60 Mr A. W. Fadden, Prime Minister, to Lord Cranborne, U.K. Secretary of State for Dominion Affairs

Cablegram 385 CANBERRA, 5 September 1941


Following for Prime Minister. [1]

1. Reference your No. 607 [2] I am grateful for the informative survey of the constitutional and other considerations involved in the question of a Minister from one part of the Empire participating in the work and membership of a Cabinet in another part. I would reciprocate the exchange of views by outlining the Australian side of the question as I see it.

2. The machinery for higher direction of war was discussed with many other matters relating to Empire and Local Defence during the Imperial Conference of 1937. It is regretted that, for reasons which need not be traversed, these discussions were possible on a two party basis only. The memorandum received from the Committee of Imperial Defence, which, it was understood, had the endorsement of the Minister representing the United Kingdom Government, refers, for want of a better title, to an 'Imperial War Cabinet' and to the measures to be taken on the outbreak of war to consider what machinery along these lines is necessary. The memorandum states:-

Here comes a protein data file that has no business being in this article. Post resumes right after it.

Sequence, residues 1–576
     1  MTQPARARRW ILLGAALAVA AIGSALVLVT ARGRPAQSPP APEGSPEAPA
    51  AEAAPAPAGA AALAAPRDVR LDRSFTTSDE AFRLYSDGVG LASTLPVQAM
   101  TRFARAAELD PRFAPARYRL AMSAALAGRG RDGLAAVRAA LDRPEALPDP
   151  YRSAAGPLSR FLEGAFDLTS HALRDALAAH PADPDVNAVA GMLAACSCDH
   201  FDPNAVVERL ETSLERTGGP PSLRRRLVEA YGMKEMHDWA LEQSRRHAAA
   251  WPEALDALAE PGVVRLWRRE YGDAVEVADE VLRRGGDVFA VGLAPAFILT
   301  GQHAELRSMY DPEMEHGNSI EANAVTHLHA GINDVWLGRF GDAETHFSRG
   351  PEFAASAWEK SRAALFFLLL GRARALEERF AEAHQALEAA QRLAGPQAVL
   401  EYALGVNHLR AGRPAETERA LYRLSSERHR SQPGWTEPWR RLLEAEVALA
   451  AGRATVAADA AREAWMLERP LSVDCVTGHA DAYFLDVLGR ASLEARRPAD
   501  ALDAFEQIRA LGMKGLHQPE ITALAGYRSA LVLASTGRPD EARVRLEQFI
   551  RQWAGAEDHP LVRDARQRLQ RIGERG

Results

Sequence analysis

'The arrangement under which the High Commissioners of three of the Dominions attend some of the meetings of the Committee of Imperial Defence (on which the Government of India is permanently represented) appears to lend itself to extension from the outset of a major war in such manner and in such degree as the Government of the Dominions may themselves decide in each case.' 3. I can see no difference in principle between representation of a Dominion by a High Commissioner at the Committee of Imperial Defence in peacetime when matters affecting it are under discussion, and representation at the War Cabinet by a Minister for similar purposes. The fact that the despatch of a Minister to London has the support of the Opposition gives his mission Parliamentary endorsement. I assume from paragraph 8 of your cablegram that you would welcome the presence of Australian Minister in War Cabinet when matters relating to higher policy, operations or other questions which affect the Australian war effort or the Australian Forces were being considered. If so we are in full agreement.

4. I would make the following detailed comments on certain paragraphs of your cablegram and, in view of the personal and secret nature of the message, they will be quite frank so that we may each be aware of the other's mind:-

Paragraph 4. I agree that the representative who can speak with the best authority is the Prime Minister, but the Dominion interests he would represent would be the same as in the case of a Minister. If the presence of the Australian Prime Minister is not any more practicable than it appears to be in the case of the other Dominions, we feel that some form of Ministerial representation is better than none.